There are millions of skeleton makers, millions of people
who can express what may be called "the bones" of a discourse,
but not one in a million who can clothe these bones.

     You can no more teach a man to be an orator than you can
teach him to be an artist or a poet of the first class. When you
teach him there is the same difference between the man who is
taught, and the man who is what he is by virtue of a natural
aptitude, that there is between a pump and a spring -- between a
canal and a river -- between April rain and water-works, It is a
question of capacity and feeling -- not of education. There are
some things that you can tell an orator not to do. For instance,
he should never drink water while talking, because the interest
is broken and for the moment he loses control of his audience. He
should never look at his watch for the same reason. He should
never talk about himself. He should never deal in personalities.

                         Bank of Wisdom
                  Box 926, Louisville, KY 40201
                               23

                  A YOUNG MAN'S CHANCES TO-DAY.

He should never tell long stories, and if he tells any story he
should never say that it is a true story, and that he knew the
parties. This makes it a question of veracity instead of a
question of art. He should never clog his discourse with details.
He should never dwell upon particulars -- he should touch
universals, because the great truths are for all time.

     If he wants to know something, if he wishes to feel
something, let him read Shakespeare. Let him listen to the music
of Wagner, of Beethoven, or Schubert. If he wishes to express
himself in the highest and most perfect form, let him become
familiar with the great paintings of the world -- with the great
statues -- all these will lend grace, will give movement and
passion and rhythm to his words. A great orator puts into his
speech the perfume, the feelings, the intensity of all the great
and beautiful and marvelous things that he has seen and heard and
felt. An orator must be a poet, a metaphysician, a logician --
and above all, must have sympathy with all.

                          ****     ****

    Reproducible Electronic Publishing can defeat censorship.

                          ****     ****

   The Bank of Wisdom Inc. is a collection of the most
thoughtful, scholarly and factual books. These computer books are
reprints of suppressed books and will cover American and world
history; the Biographies and writings of famous persons, and
especially of our nations Founding Fathers. They will include
philosophy and religion. all these subjects, and more, will be
made available to the public in electronic form, easily copied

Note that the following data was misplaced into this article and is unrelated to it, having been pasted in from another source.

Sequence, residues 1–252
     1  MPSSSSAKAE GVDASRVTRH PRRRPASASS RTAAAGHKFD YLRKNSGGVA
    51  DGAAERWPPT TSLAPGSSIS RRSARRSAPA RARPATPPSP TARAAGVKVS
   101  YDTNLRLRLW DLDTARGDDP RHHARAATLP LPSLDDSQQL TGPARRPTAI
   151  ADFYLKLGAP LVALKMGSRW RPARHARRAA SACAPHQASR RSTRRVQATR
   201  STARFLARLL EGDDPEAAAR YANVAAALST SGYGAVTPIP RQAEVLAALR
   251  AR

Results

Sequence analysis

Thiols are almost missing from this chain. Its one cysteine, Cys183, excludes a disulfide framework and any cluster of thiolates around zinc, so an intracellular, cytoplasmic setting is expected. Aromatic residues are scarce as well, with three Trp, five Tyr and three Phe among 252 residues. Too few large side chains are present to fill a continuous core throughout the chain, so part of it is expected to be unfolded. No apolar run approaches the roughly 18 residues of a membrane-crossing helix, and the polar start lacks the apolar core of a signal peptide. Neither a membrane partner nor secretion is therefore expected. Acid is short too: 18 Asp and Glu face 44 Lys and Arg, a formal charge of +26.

and distributed, so that America can again become what its
Founders intended --

                 The Free Market Place of Ideas.

   The Bank of Wisdom is always looking for more of these old,
hidden, suppressed and forgotten books that contain needed facts
and information for today. If you have such books please contact
us, we need to give them back to America.

                          ****     ****

                         Bank of Wisdom
                  Box 926, Louisville, KY 40201
                               24

Bank of Wisdom

The Bank of Wisdom is run by Emmett Fields out of his home in Kentucky. He painstakingly scanned in these works and put them on disks for others to have available. Mr. Fields makes these disks available for only the cost of the media.

Files made available from the Bank of Wisdom may be freely reproduced and given away, but may not be sold.

Reproducible Electronic Publishing can defeat censorship.

Bank of WisdomThe Bank of Wisdom is a collection of the most thoughtful, scholarly and factual books. These computer books are reprints of suppressed books and will cover American and world history; the Biographies and writings of famous persons, and especially of our nations Founding Fathers. They will include philosophy and religion. all these subjects, and more, will be made available to the public in electronic form, easily copied and distributed, so that America can again become what its Founders intended --

The Free Market-Place of Ideas.

The Bank of Wisdom is always looking for more of these old, hidden, suppressed and forgotten books that contain needed facts and information for today. If you have such books please contact us, we need to give them back to America.

Bank of Wisdom
Box 926
Louisville, KY 40201

/library/historical/disclaimer.html
The Historical Library is provided for those doing research into the history of nontheism. It is not intended to be--and should not be used as--a source of modern, up-to-date information regarding atheistic issues. DO NOT CONTACT US ABOUT THESE DOCUMENTS. Please read the full Historical Library Disclaimer